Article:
TURNERS FALLS, MA — The entire world has been invited to Nina’s Nook, operated by gallerista Nina Rossi in the village of Turners Falls, Massachusetts. Prints and small carvings by 0.001% famous artist Theo Fadel will be for sale through August 8. The Nook is five feet wide.
“There’s tonnes of space” said Tiny Dragon, a 2mm scale figurine previously featured in the Charlottean. Known as Tiny D, she is Fadel’s manager. “This used to be a hot peanut shack. It holds sixteen thousand and eight hundred short tons of peanuts. Off the top of my head, that’s twenty-four million a hundred ninety-two thousand individual naked peanuts, and change. That’s a lot of peanuts, so I don’t think it’s gonna be too crowded. I think even some walnuts could fit. I ain’t even included the alley garden out back which has no roof, so sky’s the limit. Seven and a half billion goes into sky’s-the-limit real easy because of the magic of outer space.”
“I love Turners Falls” added Redbird, a celebrity holiday ornament from Holyoke, Massachusetts who is also managed by Tiny D. “Just yesterday I went swimming with friends in the fish ladder, and tomorrow we’re going over the falls in twelve ounce coffee cups. It’s just grand!”
Nina’s Nook is a true gallery. Architecturally speaking it is half room, half hallway and belongs to the same building typology as the Guggenheim Museum in New York City as well as the Grande Gallerie of the Louvre in Paris, France. The Nook, like the Louvre, transforms an old corridor into brilliant exhibition space.
Indeed, the Nook gallery was a twentieth century alley shoppe selling roasted peanuts. Later it was the bottle depository of a candy store. Comparably, the Louvre was a twelfth century fortress. It later served as an art laden palace and artistes’ dormitory before its conversion during the French Revolution to a public exhibitorium. Details and timelines of both buildings are available on their websites.
“Nina Rossi has done something immeasurably special with this alleyway. She’s an artist and poet herself” commented Redbird. “Up here, near the Vermont border, the Connecticut River is not so wide as when it reaches the Atlantic Ocean.”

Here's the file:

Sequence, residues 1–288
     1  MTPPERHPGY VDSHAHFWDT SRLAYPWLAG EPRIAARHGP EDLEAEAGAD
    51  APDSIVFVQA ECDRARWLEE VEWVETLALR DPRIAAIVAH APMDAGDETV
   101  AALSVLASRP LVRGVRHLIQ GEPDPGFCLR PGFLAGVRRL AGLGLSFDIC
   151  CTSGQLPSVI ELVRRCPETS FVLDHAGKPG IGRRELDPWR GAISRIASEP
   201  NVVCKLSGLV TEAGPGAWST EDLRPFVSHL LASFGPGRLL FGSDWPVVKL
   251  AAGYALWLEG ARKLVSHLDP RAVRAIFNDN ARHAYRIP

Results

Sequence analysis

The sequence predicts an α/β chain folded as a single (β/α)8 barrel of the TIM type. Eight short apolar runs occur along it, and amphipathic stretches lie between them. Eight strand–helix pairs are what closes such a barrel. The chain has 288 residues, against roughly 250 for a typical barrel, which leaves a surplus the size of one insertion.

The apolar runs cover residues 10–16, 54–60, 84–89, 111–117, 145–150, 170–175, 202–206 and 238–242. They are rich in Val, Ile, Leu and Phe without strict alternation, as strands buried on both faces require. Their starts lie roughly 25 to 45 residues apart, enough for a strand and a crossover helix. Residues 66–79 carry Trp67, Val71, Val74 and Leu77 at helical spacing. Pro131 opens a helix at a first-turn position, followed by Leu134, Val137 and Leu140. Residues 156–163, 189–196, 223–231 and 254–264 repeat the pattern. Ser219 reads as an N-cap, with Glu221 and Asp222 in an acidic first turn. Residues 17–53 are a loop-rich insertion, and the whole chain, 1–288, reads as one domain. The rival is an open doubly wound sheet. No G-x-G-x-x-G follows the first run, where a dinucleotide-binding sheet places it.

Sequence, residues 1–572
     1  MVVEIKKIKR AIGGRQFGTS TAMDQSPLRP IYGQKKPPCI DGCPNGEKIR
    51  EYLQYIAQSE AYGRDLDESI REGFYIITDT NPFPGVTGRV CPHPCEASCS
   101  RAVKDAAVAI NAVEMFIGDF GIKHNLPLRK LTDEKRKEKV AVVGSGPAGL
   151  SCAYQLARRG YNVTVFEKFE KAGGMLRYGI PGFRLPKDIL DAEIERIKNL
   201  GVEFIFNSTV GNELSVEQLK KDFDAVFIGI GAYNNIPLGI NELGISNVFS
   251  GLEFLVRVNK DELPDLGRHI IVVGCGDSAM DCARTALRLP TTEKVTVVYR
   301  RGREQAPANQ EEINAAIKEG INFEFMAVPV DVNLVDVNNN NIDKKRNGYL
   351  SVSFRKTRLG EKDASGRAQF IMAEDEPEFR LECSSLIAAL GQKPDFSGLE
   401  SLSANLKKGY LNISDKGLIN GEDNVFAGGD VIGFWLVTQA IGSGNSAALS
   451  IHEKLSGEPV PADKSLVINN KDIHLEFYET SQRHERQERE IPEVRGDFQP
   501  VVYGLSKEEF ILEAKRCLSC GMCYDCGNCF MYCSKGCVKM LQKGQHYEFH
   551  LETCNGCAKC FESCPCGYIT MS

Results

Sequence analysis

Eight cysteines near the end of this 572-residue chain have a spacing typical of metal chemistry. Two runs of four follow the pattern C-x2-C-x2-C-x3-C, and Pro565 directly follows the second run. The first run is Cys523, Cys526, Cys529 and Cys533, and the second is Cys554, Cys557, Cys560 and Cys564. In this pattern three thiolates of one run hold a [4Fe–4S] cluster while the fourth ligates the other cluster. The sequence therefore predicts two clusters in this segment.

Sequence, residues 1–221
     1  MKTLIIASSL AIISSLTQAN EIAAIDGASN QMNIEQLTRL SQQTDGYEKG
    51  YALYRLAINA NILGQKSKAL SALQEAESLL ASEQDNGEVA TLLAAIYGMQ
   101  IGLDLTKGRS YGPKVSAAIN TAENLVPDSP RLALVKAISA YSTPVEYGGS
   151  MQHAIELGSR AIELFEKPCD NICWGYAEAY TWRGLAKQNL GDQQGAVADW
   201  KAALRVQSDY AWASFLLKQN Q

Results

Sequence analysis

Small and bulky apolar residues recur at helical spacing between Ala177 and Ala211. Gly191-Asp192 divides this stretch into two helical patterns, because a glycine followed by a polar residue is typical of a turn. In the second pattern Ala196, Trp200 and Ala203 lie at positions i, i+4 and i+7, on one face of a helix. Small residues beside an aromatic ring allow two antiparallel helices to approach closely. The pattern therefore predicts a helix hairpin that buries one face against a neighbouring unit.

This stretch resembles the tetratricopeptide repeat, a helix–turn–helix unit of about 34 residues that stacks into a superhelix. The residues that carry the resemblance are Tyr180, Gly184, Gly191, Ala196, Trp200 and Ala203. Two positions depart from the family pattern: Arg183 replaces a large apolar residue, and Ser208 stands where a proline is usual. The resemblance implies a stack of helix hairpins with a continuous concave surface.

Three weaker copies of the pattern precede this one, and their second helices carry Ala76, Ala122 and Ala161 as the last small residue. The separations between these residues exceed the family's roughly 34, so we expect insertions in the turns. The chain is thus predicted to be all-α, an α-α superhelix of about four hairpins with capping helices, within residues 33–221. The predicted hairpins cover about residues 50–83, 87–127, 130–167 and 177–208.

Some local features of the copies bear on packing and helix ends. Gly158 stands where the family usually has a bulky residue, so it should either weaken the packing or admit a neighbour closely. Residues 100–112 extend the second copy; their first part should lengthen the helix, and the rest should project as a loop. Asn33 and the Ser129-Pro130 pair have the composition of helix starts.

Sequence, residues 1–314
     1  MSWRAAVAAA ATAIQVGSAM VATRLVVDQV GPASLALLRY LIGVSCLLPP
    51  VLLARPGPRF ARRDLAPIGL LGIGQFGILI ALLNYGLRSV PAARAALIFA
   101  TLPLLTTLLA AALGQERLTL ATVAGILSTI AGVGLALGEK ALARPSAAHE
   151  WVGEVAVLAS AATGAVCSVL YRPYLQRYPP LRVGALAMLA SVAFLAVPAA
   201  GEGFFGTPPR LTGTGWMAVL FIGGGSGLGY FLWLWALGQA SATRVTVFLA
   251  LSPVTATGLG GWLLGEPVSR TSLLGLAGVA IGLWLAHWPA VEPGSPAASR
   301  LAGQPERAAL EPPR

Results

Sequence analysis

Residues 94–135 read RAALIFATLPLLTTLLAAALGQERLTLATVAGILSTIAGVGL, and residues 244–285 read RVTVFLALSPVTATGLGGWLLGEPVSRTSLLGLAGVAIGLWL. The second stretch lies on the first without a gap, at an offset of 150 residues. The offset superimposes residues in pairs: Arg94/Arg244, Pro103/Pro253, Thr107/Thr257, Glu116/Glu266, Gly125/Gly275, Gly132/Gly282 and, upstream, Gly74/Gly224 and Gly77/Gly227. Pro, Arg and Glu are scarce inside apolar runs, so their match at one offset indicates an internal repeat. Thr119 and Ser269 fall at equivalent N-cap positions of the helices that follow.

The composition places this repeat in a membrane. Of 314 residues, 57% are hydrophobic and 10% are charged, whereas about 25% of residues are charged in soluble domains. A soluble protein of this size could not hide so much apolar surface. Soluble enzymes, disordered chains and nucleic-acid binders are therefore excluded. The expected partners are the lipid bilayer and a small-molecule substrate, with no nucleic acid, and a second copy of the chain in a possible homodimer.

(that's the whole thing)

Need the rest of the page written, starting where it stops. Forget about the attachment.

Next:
“Speaking of which,” interrupted Tiny D, “did you know that back in the day Rossi operated a fish winch on the P-town docks?”
“I did” continued Redbird, “and the reason why is that the wine-dark sea is everywhere available to whomever will brave it.”
Nina’s Nook is located at 125A, Avenue A in Turners Falls, Massachusetts. The hours are here. The mini show of work by Theo Fadel, imperfect people, runs from July 1 through August 8. The entire world is invited to a reception July 8, 4 to 7pm. The Gallerie is closed July 4.
EASTHAMPTON — Two figurines are claiming that Tiny Dragon is a fake. Roberta Busenberg and Man-Wizard announced that “Tiny so-called Dragon is not a regulation table-top miniature!” For three hours the two screamed into a breeze and flapped air quotes with their fingers while a group of local raptors circled the tower.
“I have been in fantasy-reality since 1977” said Busenberg, “and I have never seen this so-called dragon until last week.”
Man-Wizard added “She is not an authentic table-top miniature, and she is not a dragon. She may be a counterfeit gryphon. Her wings are not normal.”
“Forget normal” chucked Busenberg, “her entire assembly is ugly. Plus, she is not made of natural metal.” The man-wizard explained “She is made from a material we call plastic which burns to a foul cinder. She could not light tobacco, much less be a dragon. We are calling upon the entire gaming world from the top of this high, vapour enveloped tower.”
Busenberg and Man-Wizard are vintage table-top gaming figurines. They are cast of an imprecise lead alloy and sculpted in the imprecise and archaic scale of 1:72ish which allows one meager inch for a five to seven foot tall magic man. They live by the harsh conventions of table-top war games in which every New-English garden is a tableaux of combat and carnage.